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By the time classes begin this fall, the geology department’s shallow-bed recirculating flume will be ready to incorporate sediment, opening up more laboratory and research opportunities for students and faculty.

Purchased with a $300,000 grant from the W.M. Keck Foundation, the flume was installed in Van Wickle Hall in early February. The massive device can create dynamic scale models of rivers for the study of erosion and other geological principles. So far, it has been transporting water, according to Dru Germanoski,, professor and head of geology and environmental geosciences, who estimates it can hold 3,500 gallons.

The flume will be used this fall in the Modern and Ancient Depositional Environments course taught by Kathryn Schubel, assistant professor of geology and environmental geosciences, to study the relationships between flow regime, bed forms (ripples, dunes, etc.), and the sedimentary structures produced. It will also be used in the class to study other fluvial depositional environments such as deltas and meandering rivers.

“In the spring, it will be used in my Earth Surface Processes course to study relationships between sediment fluid shear stress and sediment transport, as well as to study the relationships between sediment load and channel pattern (meandering versus braided),” says Germanoski.

The flume will demonstrate basic river behavior in Fire & Ice: Introduction to Geology, taught by Guy Hovis, professor of geology, and the Geological Disasters class taught by Professor Larry Malinconico, both in the fall. It will simulate basic sediment deposition and stratigraphy in Schubel’s Origins, Evolutions, and Extinctions course in the spring. It will be used in Germanoski’s Environmental Geology course, also in the spring, to demonstrate flood hazards and how groundwater contamination can work its way into river systems.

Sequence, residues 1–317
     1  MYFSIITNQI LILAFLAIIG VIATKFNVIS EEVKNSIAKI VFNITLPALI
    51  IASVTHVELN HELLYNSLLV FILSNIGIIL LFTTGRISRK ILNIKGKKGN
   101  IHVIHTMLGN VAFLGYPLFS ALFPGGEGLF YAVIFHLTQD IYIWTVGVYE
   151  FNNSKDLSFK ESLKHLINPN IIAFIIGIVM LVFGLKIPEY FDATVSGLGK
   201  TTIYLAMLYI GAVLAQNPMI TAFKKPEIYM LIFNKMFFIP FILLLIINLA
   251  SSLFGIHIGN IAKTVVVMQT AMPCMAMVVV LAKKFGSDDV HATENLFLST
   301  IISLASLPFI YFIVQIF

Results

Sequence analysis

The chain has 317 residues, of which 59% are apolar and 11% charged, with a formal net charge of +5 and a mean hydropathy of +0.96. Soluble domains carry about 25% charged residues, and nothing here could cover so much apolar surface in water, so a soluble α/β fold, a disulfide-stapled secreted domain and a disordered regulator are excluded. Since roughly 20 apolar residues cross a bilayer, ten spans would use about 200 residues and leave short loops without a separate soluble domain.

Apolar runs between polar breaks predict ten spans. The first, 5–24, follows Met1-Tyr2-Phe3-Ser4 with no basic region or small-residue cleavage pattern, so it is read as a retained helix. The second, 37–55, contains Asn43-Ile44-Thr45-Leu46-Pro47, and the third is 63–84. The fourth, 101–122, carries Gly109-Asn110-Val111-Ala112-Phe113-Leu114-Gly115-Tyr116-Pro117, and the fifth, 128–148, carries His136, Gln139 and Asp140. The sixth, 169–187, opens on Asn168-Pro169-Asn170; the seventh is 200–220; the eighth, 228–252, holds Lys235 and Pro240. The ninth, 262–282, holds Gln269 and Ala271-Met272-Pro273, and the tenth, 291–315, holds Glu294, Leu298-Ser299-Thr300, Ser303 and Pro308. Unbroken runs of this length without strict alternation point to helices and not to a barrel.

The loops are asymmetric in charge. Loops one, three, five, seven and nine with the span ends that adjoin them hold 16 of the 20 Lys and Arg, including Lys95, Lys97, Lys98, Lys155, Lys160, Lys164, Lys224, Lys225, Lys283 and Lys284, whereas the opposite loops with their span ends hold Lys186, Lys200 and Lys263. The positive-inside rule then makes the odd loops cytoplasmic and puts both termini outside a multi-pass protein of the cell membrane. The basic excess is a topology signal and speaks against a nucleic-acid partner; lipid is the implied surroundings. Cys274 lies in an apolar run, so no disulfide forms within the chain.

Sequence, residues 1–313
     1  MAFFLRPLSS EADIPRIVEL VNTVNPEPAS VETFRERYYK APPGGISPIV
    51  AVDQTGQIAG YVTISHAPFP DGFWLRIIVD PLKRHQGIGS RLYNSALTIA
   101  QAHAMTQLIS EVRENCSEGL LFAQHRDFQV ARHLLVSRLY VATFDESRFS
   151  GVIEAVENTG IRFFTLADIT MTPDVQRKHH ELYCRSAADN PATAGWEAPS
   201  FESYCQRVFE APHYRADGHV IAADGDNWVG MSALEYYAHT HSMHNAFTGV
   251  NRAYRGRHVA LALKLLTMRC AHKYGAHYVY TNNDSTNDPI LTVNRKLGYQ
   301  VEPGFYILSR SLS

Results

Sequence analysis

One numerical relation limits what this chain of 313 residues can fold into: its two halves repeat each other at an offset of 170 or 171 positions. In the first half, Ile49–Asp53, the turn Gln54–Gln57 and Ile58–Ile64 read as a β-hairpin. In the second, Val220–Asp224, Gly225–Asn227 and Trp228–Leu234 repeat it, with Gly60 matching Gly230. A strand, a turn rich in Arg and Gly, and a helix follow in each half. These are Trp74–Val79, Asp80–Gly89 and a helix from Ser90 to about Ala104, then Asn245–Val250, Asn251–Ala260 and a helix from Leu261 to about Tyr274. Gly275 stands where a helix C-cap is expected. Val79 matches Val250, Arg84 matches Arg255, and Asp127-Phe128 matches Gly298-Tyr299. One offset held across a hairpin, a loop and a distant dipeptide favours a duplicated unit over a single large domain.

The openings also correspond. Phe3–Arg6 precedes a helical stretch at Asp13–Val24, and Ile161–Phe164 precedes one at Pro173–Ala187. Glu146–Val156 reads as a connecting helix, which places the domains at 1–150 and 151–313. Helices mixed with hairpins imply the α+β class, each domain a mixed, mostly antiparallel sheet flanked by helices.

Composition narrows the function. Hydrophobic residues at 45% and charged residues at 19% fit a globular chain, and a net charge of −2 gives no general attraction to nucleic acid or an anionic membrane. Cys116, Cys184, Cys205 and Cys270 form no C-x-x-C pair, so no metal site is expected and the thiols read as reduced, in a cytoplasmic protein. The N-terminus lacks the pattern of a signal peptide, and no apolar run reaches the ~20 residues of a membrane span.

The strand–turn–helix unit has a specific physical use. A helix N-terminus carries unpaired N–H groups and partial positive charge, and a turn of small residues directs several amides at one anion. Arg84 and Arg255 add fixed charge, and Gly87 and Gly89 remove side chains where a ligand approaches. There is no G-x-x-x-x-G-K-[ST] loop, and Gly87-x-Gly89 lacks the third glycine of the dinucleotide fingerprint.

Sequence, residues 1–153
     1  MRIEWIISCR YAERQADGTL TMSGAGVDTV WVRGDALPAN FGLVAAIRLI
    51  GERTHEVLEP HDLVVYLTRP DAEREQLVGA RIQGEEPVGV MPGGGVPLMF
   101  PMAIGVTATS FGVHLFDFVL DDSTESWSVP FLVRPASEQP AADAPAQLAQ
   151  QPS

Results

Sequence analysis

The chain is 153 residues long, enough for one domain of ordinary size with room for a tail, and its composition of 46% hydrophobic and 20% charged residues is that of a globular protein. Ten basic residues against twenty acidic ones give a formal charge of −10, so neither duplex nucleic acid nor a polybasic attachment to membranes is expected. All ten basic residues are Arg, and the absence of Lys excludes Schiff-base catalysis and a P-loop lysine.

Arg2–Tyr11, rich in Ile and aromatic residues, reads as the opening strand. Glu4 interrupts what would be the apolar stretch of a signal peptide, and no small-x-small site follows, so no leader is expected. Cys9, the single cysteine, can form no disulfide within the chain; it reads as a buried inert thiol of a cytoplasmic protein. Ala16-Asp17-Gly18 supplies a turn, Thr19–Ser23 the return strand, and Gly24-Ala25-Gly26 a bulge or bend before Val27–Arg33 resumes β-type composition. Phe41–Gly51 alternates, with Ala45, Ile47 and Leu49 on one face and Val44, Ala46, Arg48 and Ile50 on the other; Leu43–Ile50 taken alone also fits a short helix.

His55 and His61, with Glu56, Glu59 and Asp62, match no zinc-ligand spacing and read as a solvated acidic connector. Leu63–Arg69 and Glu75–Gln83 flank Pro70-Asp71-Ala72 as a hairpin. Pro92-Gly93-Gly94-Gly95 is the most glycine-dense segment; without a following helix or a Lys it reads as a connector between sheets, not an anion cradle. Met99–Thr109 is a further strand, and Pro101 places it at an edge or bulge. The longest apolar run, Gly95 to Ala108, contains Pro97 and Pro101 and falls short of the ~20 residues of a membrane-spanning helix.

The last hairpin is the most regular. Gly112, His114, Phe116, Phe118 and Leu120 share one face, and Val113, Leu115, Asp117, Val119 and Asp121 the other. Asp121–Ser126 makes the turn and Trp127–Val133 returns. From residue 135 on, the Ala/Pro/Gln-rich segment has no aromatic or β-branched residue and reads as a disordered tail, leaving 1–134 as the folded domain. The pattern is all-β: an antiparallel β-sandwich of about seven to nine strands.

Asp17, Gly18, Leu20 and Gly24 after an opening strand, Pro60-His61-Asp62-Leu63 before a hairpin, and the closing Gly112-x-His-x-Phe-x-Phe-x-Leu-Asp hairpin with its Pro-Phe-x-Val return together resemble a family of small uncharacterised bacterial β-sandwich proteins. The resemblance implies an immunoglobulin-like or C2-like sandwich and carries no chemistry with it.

The flume’s research capabilities primarily will be utilized by Germanoski.

“My most immediate project will be to use it to determine the effects of algae on fine grained sediment entrainment, transport, and deposition in order to better understand sediment transport in the Bushkill Creek,” he says. “This will likely be done with student Brian Schubert ’04. Another project will focus on the effect of grain size on migration rates and distances of large-scale bed forms (bars) in braided rivers.”

Measuring 37 feet long, 6.5 feet wide, and 2.5 feet deep, the flume is distinctive in two ways, Germanoski says. “First of all, to the best of our knowledge, no other liberal arts college has a flume of this size. Also, our flume is designed to allow its working width to be reduced by inserting a false wall. This capability is exceedingly rare, even in flumes at large research universities, and because of it the flume will provide an unusually broad range of new research opportunities for students and faculty.”

“Right now, students interested in environmental research must go into the field, and weather conditions and lack of transportation can impose limits on field research. Also, certain situations that arise in nature can be observed only under very specific conditions at certain times of the year. With the flume, students can simulate these situations and do research and data collection throughout the year,” Germanoski continues.

“It’s this kind of interactive, hands-on experience that brings science to life for students. They will be active participants, not passive learners, in discovery-oriented exercises. The flume will help them learn vital lessons about their natural environment that will stay with them and entice them to become more involved in being the earth’s stewards,” he says.

Categorized in: Academic News